Saint-Barth - The camp

Michael Zimmer, A Saint Barth Story

Michael Zimmer, A Saint Barth Story



His name might not ring a bell with the younger generation but those who were around in the old days certainly remember his face and a few memories. Like many before and after him, when Michael Zimmer first came to Saint Barth in 1968, he immediately fell in love with the island. To the point of moving to Saint Barth less than a year later. He went on to create Le Camp, a place by the beach in Saint Jean that definitely has a page in the history book of the island. By design, it’s spirit of liberty, inventiveness, and conviviality, Le Camp attracted men and women from various horizons: artists, architects and free spirits, but also local personalities. This slice of Saint Barth history will be explored in an exhibit at the Wall House Territorial Museum from Friday, December 22 through February 28, comprising painting, drawings, calligraphy, and videos. Many original items, all created in Saint Barth in the 1970’s.



"The goal of this exhibit is to pay tribute to a man who helped make Saint Barth a favorite haunt for New York's intellectual high society, and to retrace his career," explains Wall House director Charles Moreau. The exhibit was organized in partnership with the Saint-Barth île d'art association, Fergus McCaffrey, and Bill Katz. Michael Zimmer was born in Heidelberg, Germany, in 1934, the youngest son in a large family of Austrian intellectuals. His father, Heinrich Zimmer, was a Sanskrit scholar and Indologist, and his mother Christiane was the daughter of poet and librettist Hugo von Hofmannsthal. Feeling the tide turning for several years, the Zimmer family managed to flee Nazi Germany in 1939 and settled in New York. Michael grew up in the West Village and went on to study architecture at Harvard. When these studies were completed, he embarked on what was to be a brief career. He soon realized that the compromises involved in such a profession were not to his liking. So, he decided to change his life.


In 1967, with his wife and infant son, Michael Zimmer left The Big Apple. Thanks to the sale of a family heirloom (‘Yo Picasso,’ a self-portrait of the famous Spanish artist), the Zimmer family has close to $300,000 dollars. Enough for the foreseeable future…  During their travels, they landed in Saint Martin in 1968. Naturally their curiosity led them to visit  Saint Barthélemy. Love at first sight, and in 1970, Michael Zimmer bought a piece of land along the beach known as Ti Saint-Jean from Henri Gréaux. For a sum that seems unbelievable today: 20,000 francs.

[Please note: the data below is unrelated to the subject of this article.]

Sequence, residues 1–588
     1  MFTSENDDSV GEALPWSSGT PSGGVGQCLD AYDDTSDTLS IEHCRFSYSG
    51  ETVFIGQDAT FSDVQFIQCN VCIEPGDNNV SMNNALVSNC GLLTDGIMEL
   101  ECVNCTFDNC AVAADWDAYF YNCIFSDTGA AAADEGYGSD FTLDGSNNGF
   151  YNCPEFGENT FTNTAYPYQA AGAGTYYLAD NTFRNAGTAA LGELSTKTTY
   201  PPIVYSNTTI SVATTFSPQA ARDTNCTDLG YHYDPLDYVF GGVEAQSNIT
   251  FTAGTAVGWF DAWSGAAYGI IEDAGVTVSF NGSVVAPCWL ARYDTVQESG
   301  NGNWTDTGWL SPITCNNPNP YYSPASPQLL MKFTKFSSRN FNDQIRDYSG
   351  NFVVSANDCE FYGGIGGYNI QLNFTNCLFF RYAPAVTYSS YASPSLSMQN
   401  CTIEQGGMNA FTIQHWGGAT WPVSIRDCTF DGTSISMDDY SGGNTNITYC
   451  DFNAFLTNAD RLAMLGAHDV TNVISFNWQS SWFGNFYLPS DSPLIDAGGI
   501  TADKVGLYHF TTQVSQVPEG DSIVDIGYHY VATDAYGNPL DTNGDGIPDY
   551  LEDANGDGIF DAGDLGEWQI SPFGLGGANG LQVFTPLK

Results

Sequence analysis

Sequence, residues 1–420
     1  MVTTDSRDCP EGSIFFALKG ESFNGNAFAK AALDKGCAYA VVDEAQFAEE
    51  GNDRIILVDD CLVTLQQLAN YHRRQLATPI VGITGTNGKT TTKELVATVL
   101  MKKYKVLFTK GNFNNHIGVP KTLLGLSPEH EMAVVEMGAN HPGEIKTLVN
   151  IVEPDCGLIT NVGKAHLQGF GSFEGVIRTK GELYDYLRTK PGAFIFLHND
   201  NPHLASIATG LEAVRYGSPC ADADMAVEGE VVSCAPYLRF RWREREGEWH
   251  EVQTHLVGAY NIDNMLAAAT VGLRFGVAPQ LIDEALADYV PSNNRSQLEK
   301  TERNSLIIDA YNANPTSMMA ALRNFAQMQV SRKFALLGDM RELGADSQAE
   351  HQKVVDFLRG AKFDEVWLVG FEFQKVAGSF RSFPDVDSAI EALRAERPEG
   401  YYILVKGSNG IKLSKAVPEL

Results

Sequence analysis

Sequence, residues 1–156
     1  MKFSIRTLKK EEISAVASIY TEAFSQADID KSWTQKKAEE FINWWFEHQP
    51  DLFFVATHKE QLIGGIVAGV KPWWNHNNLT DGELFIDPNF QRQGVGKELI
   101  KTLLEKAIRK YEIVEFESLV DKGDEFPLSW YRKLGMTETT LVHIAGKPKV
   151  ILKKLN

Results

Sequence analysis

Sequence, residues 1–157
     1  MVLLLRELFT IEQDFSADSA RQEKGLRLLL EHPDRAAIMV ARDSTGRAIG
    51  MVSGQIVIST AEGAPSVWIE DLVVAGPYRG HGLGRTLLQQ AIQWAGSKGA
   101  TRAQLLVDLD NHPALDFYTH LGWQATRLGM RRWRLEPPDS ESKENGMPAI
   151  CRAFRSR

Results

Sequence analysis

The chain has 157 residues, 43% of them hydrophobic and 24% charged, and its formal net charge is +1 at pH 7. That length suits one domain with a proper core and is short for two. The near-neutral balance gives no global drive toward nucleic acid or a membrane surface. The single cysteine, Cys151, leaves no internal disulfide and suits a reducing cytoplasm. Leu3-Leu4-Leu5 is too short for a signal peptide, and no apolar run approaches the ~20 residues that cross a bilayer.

In the “good old” days, those newly arrived on the island were seeking simplicity, fresh air, and friendship; not at all to build a villa in concrete with a swimming pool. Michael Zimmer built Le Camp, simple cottages built on the sand, several meters from the beach, under the palm trees, with an open-air kitchen and a tropical garden. An aesthetic true to the island, in keeping with a hippie-like desire to bask in nature and disturb the environment as little as possible.


A one-of-a-kind place where Michael Zimmer invited his friends from New York: artists, architects, and designers, to work, talk, think and most of all live happily. “It was a visionary example of a “green lifestyle,” as well as “a cleverly choreographed piece of theatre that Michael directed, smoking, talking, always with a glass of rum in his hand, endlessly amusing, and usually surrounded by a bevy of awe-struck friends,” as noted in the online bio for Michael Zimmer (


But Le Camp was not only a spot for visiting New Yorkers. The doors were always open and numerous Saint Barth islanders joined the ever-changing cast of characters. Marius Stakelborough and Loulou Magras, for example, mixed with the artists passing through: Elaine de Kooning, Walter di Maria, Brice Marden, Jean-Michel Basquiat, and Julian Schnabel. “The ambiance was very hippie, very relaxed, but also very intellectual,” notes Charles Moreau. The adventure would last close to 25 years. Then the island began to change, little by little.  


At Saint Barth became more of a celebrity hangout, Michael Zimmer took his leave. In the early 1990’s, he sold the land and Le Camp and flew off to the island of Grand Manan in Canada’s Bay of Fundy. There he turned a former fish-smoking house into the Sardine Museum and Herring Hall of Fame, which today is a tourist attraction. Michael Zimmer passed away on October 12, 2008, at the age of 74.


The Wall House exhibit includes works on exceptional loan from two major artists: Brice Marden and Julian Schnabel. The opening takes place Friday, December 22 at 6:30pm.




In the 1970s, Michael Zimmer built and ran Le Camp, a convivial artistic residence he built himself on the beachfront in Saint Jean. 


Journal de Saint-Barth N°1546 du 21/12/2023

Nouvelle exposition au Wall House
L'épidemie de dengue persiste